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By Jorge Casuso

October 21, 2020 -- The voting rights lawsuit against the City of Santa Monica is headed to the California Supreme Court after it granted the Latino plaintiffs' petition for review Wednesday.

The Court's decision -- posted on its website -- depublishes an Appellate Court ruling in July that found the City's at-large election system does not discriminate against Latino voters.

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"The parties are ordered to brief the following issue: What must a plaintiff prove in order to establish vote dilution under the California Voting Rights Act?" the Court wrote.

Wednesday's decision deals a major blow to a city that prides itself on its liberal policies but has spent millions fighting a lawsuit backed by some of the nation and state's leading progressive organizations.

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Among the parties filing amicus letters asking the Supreme Court to reverse the decision were the nation's two largest Latino organizations, three minority caucuses in the State legislature and the Southern Christian Leadership Conference ("Voting Rights Lawsuit Pits Progressive Leaders Against Santa Monica," September 23, 2020).

The City had applauded the Appellate Court decision that overturned the trial court ruling ordering district elections ("Santa Monica's Election System Does Not Violate Latino's Voting Rights, Appeals Court Rules," July 9, 2020).

The Supreme Court is expected to focus on the Appellate Court's contention that Latinos, who make up 14 percent of the local electorate, lack the numbers to win in the 30 percent Latino District ordered by the lower court in February 2019.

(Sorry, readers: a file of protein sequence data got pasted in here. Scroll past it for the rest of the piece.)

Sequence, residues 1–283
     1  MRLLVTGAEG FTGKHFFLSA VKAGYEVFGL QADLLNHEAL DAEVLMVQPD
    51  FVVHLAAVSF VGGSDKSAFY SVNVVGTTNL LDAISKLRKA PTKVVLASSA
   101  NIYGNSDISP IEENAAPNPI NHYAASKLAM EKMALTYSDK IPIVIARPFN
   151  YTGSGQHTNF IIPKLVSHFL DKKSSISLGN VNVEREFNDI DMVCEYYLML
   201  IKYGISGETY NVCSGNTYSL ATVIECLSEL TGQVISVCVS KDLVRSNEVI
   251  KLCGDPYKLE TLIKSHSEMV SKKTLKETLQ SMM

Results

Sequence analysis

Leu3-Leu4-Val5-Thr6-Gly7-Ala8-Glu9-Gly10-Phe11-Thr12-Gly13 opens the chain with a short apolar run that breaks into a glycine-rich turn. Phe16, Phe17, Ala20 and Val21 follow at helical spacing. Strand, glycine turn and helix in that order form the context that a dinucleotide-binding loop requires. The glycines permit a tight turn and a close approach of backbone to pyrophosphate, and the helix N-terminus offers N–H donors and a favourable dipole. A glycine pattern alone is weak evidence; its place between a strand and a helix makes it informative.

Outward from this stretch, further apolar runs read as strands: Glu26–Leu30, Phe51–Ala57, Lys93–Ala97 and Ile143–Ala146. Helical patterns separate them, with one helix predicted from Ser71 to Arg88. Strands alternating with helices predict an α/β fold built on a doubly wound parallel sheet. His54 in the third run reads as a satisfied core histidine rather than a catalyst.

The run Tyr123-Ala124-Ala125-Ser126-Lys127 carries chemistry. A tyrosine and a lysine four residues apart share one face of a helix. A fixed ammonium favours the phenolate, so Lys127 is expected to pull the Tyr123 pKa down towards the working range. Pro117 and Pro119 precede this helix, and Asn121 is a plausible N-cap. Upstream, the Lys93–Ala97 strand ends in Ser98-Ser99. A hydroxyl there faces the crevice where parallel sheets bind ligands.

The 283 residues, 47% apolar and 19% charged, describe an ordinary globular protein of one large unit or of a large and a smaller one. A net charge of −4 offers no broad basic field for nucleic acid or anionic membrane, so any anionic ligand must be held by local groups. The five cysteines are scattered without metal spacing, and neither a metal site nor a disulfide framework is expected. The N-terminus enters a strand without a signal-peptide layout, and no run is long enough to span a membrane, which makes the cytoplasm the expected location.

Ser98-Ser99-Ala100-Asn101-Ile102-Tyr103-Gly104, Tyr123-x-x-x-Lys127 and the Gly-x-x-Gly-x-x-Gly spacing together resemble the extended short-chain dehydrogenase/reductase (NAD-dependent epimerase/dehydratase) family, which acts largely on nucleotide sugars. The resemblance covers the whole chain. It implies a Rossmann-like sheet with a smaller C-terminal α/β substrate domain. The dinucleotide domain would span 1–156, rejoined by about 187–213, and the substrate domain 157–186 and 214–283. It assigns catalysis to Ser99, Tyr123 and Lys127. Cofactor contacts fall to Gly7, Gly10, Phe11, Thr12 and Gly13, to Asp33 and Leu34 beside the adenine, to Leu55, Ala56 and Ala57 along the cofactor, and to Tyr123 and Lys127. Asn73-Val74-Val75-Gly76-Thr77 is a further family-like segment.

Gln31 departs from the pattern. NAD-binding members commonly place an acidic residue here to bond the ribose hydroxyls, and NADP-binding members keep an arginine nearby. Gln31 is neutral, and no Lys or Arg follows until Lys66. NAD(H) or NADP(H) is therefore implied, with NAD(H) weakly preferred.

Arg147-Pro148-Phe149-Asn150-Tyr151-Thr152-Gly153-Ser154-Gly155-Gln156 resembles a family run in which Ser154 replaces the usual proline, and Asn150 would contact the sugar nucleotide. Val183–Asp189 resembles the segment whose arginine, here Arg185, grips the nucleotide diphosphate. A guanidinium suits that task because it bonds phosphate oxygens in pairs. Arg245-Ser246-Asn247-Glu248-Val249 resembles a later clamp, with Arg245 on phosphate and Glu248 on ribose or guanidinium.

Kevin Shenkman, the attorney for plaintiffs Maria Loya and the Pico Neighborhood Association (PNA), argued that the court's decision "completely ignores the section (of the CVRA) that says you don't have to have a majority minority district."

The statute, the legislative history and two appellate court decisions have made that clear, Shenkman said.

His argument was echoed in amicus letters filed by the California Secretary of State and the original backers of the state's voting rights law, among others ("Secretary of State, Original Backers of Voting Rights Law Support Plaintiffs' Appeal in Santa Monica Case," September 9, 2020).

City officials said they believe the Supreme Court will agree with the Appeals Court "that plaintiffs failed to establish vote dilution and, as a result, failed to prove" that Santa Monica's election system violates the CVRA.

"The evidence at trial demonstrated that the City’s at-large elections do not diminish the voting power of Latino voters, who have repeatedly elected their preferred candidates," City officials said in a statement.

The Supreme Court on Wednesday directed the Reporter of Decisions "not to publish in the Official Appellate Reports" the Appeals Court opinion filed July 9.

As a result the decision cannot be cited in other cases.

Supporters of the lawsuit warned that the decision could roll back the gains made under the 2002 voting rights law, which has paved the way for district elections that enhance the power of minority voters across the state.

Shenkman on Wednesday applauded the Supreme Court's decision to take up the case and blasted the City for wasting taxpayer dollars fighting against minority voting rights.

"While laying off employees and cutting programs that help the most vulnerable, the City Council has spent tens of millions of dollars to fight against minority voting rights not just in Santa Monica but in California to protect their political futures," he said.

"It is disgusting, it is a breach of the public trust, and all of them should be ousted," Shenkman said.


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